He told me that they had been very careful not to go down the same road other companies had done;

Most companies capitalize on a piece of Free Software by adding some functionality on top of it, selling Licenses for what they would then call the "Enterprise Edition" or something along those lines. Most times, these developed features do not end up in the right place, upstream, and though they may be available as actual code, you can't use the product without purchasing a License. This is obviously not the right way of doing it, since it puts the product somewhere in between a true Free Software product, and a completely proprietary product. It's not the most efficient business model either, since you might end up inventing features that somewhere down the road are superseeded by the features in the truely Free Software version as well -duplication of work-, and you don't get the benefit of potentially a few million pair of eye-balls going over your features before they're even in the product you're trying to sell and potentially further improving them.

Bacula Systems on the other hand takes Bacula, removes the things they cannot support in the long-term, are -right then- infeasible or are otherwise not (yet) sustainable for the Enterprise, add all the value that Enterprises require such as long-term support, and then sell subscriptions. Obviously, while doing so, they actively participate in the development of Free Software Bacula so that down the road the next generation of Bacula is going to be an ever better product for their customers. Also, and this is majorly significant to the model, their supported version (or Enterprise Edition if you will) remains to be truly Free Software. This way, they ensure development and maintenance are cost efficient, truly honest and honorable wrt. the work done by the larger Free Software community, showing excellent Free Software citizenship. They've hired Kern Sibbald (and here's a nice interview from two years ago), father of the original Bacula project, as their CTO. He was also the one who suggested to keep the business honest, transparent and open. To further appreciate the way that Bacula Systems operates, let me tell you that they've assigned copyright on Bacula to the Free Software Foundation Europe.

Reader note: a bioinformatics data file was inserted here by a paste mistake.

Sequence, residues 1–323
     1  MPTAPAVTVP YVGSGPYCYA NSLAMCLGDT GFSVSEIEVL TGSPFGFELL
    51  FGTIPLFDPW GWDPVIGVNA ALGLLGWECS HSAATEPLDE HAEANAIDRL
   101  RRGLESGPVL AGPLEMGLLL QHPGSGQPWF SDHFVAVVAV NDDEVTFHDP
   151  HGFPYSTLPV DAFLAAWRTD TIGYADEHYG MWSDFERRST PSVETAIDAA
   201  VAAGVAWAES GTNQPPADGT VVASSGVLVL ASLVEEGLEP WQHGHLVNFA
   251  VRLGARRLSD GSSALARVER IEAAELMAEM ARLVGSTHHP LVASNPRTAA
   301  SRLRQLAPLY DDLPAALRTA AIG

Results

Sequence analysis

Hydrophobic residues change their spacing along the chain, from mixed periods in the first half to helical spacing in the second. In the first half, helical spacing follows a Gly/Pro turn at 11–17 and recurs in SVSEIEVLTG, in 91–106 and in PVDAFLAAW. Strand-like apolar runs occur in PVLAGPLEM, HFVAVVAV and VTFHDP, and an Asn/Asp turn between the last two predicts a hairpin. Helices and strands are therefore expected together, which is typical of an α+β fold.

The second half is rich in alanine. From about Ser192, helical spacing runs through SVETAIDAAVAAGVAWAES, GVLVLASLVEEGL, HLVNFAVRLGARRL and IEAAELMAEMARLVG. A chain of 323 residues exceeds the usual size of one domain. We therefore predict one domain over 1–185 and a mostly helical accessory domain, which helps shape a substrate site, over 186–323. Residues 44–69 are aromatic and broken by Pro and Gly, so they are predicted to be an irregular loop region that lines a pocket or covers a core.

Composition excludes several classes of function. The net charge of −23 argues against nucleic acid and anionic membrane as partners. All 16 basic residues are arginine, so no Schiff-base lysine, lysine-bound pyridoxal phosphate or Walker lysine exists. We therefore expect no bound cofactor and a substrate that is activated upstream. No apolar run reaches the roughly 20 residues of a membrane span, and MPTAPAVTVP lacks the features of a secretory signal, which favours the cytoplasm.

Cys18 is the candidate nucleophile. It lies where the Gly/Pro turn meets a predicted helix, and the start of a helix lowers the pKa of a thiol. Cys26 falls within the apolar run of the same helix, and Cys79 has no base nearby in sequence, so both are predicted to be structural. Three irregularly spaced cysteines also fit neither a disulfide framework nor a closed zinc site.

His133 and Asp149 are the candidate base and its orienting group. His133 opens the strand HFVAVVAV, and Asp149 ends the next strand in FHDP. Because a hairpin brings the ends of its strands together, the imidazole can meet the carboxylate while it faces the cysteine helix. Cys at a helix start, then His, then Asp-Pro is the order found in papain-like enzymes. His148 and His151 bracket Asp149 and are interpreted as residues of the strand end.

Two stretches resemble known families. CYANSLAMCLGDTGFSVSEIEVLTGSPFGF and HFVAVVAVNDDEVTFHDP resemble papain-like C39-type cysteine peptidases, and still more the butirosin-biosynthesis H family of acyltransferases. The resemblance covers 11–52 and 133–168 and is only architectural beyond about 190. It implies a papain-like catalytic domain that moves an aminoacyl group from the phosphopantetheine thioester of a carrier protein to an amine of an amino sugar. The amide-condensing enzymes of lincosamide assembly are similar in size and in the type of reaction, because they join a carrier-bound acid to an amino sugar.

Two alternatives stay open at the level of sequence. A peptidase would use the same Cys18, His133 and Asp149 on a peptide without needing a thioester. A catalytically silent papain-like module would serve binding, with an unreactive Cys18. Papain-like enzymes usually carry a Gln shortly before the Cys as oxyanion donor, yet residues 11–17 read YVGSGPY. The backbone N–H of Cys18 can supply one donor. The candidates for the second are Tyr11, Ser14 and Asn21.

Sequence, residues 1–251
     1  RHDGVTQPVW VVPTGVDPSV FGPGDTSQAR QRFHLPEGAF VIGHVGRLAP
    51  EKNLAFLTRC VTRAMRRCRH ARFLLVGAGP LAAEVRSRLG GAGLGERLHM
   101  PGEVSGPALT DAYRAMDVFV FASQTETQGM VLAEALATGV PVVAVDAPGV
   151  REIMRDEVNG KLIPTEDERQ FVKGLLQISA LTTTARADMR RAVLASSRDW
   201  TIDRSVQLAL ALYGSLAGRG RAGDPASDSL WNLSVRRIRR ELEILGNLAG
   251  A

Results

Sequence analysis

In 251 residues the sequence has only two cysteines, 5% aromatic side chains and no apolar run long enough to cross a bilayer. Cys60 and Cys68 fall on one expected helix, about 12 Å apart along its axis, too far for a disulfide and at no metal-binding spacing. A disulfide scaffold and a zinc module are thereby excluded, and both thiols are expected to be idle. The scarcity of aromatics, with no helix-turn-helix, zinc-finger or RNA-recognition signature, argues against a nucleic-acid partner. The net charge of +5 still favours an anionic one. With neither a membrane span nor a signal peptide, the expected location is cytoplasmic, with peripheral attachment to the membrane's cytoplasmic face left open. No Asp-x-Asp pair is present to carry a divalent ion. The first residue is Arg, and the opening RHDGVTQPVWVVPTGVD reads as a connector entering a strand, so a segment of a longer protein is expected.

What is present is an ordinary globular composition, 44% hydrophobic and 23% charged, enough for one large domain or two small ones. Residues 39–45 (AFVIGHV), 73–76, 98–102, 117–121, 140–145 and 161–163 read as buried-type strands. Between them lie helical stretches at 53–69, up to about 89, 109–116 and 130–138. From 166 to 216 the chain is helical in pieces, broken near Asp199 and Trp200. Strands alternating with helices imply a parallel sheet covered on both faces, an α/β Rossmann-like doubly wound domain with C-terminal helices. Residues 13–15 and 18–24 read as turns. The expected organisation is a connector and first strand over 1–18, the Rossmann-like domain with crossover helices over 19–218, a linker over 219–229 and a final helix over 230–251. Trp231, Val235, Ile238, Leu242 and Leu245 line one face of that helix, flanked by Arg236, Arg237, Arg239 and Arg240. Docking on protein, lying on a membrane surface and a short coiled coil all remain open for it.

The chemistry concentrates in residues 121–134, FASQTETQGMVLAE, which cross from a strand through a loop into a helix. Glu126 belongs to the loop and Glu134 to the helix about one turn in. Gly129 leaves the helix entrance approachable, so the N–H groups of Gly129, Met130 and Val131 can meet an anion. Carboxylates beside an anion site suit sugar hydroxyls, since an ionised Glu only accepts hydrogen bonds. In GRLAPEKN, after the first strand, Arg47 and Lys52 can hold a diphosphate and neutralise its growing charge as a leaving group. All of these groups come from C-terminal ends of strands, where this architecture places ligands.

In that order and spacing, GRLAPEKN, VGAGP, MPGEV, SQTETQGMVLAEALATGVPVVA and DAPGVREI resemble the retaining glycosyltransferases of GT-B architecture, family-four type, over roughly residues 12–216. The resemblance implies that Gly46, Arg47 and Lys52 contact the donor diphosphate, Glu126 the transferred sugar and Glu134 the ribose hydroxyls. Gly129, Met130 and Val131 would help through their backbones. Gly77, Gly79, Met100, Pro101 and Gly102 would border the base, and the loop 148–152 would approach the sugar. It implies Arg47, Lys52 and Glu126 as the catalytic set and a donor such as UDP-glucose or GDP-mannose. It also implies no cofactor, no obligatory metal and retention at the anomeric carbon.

Overall the story of Bacula Systems is pretty impressive (and so is their list of customer references), and I have to give them a huge compliment on having become the very best ISV I have seen so far, doing what they do so very well, knowing where they come from and keeping true to their roots as well as the morals and principles of Free Software. I wish them the very best in their business and I'm going to actively assist them in getting the job done.

Ordering something in Dutch
I've been living in the Netherlands all my life... one could argue I speak Dutch "pretty well".

Quoting from Max's earlier blog post:

Chitlesh speaks a little bit of Dutch, and made his best attempt to order us some beers in the native language of Holland. The waiter gave him a funny look and said in English, "Are you trying to speak Dutch?" Chitlesh responded in the affirmative, and the waiter said "Please don't." After this exchange, I believe that Jeroen is no longer allowed to mock me for not having learned Dutch yet.

Putting this statement to the test, Max and I went for dinner just a few places down the road of where this other incident had happened.

And so, the waiter comes up to our table ready to take our order. I tried to order in Dutch, under the impression that I speak Dutch fluently, and given the fact that Amsterdam is still in the Netherlands, but the waiter didn't understand me either. I ended up ordering my beer and steak in English...